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           Both Ice Shows and Competitions Require Extra Time and Careful               Preparation... Here are some quick and easy hacks to make it all work!

Excitement is growing and you are eagerly anticipating that moment, when, after all your hard work and extra practice time, you skate out on the ice into the spotlight. Then, you look down and notice all the scuffs, scrapes, smudges and general badges of honor that now cover your skates.  Here are a few fast remedies for what ails your precious bladed babies.


  •            Coverups never work!  Never polish over dirty skates. It just won’t cover and gets really frustrating after the third coat. Clean before polishing, even if you’re in a hurry.


  •            Scuff happens! Use Soft Scrub cream cleanser with a soft cloth. It should remove most of the marks, but if you have a few stubborn streaks, try nail polish remover (Acetone). Always wear latex gloves to avoid the chemicals and prevent your actual nail polish from doing a disappearing act. Clean off all toxic chemicals by using a towel with some dish soap and clean water to wipe off any residue from your skates. Then dry thoroughly. You can use a hairdryer if you are short on time.


  •            To polish or not to polish? Once clean, skates often don’t need that extra layer of polish, but if they do, those sponge brushes at the dollar store are great for applying skate polish. Keep your skate guards handy to allow the skates to stand on their own avoiding that telltale “lean” mark from being against another surface. Don’t forget to buff with a soft cloth or everything in your skate bag will turn chalky white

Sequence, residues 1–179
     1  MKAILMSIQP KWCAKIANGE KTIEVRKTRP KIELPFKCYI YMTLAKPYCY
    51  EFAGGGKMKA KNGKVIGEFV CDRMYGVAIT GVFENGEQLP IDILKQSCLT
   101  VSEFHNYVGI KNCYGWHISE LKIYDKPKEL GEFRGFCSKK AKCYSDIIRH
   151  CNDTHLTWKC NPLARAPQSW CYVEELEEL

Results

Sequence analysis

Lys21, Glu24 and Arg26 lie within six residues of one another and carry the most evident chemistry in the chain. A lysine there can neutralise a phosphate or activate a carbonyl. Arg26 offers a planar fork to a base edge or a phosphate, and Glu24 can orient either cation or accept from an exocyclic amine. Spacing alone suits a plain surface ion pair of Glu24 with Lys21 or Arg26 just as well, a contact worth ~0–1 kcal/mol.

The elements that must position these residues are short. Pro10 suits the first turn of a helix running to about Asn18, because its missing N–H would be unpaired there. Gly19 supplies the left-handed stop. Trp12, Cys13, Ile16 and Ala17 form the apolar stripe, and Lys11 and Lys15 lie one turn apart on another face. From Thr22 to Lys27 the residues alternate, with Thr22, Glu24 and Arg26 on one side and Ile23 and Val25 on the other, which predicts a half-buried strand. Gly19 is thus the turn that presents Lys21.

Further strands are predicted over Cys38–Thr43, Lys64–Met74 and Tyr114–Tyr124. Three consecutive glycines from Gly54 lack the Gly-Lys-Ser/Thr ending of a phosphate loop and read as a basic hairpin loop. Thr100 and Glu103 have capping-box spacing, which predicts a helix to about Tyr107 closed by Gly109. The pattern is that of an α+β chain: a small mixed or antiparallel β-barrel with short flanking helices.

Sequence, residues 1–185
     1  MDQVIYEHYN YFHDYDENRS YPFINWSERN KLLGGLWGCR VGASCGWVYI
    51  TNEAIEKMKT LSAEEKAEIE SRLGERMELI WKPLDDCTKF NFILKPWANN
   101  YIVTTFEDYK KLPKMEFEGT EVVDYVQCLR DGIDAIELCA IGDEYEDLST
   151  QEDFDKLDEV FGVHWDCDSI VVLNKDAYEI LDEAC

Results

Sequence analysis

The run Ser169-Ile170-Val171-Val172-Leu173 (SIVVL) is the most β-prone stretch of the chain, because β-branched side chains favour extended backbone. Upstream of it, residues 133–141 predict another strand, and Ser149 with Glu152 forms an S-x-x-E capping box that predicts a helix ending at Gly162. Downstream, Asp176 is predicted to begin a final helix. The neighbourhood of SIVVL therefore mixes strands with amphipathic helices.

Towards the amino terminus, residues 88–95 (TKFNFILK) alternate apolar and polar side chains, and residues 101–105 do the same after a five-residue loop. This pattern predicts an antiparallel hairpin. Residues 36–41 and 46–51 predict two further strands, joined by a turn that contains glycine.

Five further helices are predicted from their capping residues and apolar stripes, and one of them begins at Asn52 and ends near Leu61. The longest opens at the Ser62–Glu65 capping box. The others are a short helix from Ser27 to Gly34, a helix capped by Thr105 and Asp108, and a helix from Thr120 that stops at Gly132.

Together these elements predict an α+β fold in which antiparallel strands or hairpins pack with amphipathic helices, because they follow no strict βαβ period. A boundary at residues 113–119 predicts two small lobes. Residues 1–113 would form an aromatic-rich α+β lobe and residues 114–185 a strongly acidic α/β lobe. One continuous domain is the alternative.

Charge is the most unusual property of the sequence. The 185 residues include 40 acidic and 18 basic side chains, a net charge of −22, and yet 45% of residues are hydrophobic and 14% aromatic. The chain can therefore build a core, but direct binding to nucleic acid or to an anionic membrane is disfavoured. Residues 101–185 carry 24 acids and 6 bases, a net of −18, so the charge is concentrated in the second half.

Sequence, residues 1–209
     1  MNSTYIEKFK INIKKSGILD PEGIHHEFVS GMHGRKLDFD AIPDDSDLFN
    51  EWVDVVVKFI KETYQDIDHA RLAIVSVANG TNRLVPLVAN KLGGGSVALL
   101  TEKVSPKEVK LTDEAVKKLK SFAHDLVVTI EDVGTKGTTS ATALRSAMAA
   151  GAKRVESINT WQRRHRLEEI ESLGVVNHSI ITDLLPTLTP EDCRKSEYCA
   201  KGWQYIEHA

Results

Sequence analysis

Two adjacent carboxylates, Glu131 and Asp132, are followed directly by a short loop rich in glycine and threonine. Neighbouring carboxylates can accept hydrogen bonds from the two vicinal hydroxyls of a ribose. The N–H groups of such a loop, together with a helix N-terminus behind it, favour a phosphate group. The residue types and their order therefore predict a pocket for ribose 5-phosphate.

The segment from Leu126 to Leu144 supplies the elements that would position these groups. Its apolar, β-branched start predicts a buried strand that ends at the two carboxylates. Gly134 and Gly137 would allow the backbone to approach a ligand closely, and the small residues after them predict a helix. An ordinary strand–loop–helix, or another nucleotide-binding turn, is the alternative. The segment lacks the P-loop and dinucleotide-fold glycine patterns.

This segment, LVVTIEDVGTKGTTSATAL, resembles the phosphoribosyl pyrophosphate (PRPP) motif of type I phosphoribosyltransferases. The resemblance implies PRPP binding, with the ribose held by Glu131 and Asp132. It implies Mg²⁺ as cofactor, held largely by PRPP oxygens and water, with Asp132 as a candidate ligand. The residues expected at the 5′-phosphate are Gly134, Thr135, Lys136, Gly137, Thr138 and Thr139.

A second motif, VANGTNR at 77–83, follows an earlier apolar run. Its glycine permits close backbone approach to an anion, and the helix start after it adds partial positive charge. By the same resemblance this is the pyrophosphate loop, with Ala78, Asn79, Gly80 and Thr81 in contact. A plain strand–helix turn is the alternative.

•           Blades need love too!  Shine them up with WD-40 oil. It will not only remove and prevent any rust spots but will give the chrome a dandy sparkle. Check the soles for waterproofing (although most of the new lightweight skates have no maintenance acrylic or nylon soles and heels) and tighten all the screws, to make sure blades are secured properly. Never sharpen your blades right before the show or your knees/derriere may make unexpected contact with the ice. Depending on your level and available practice time, allow at least 4-5 hours of skating to be comfortably secure on your edges. And don’t forget your guards! It may be a long walk from the locker room to the ice.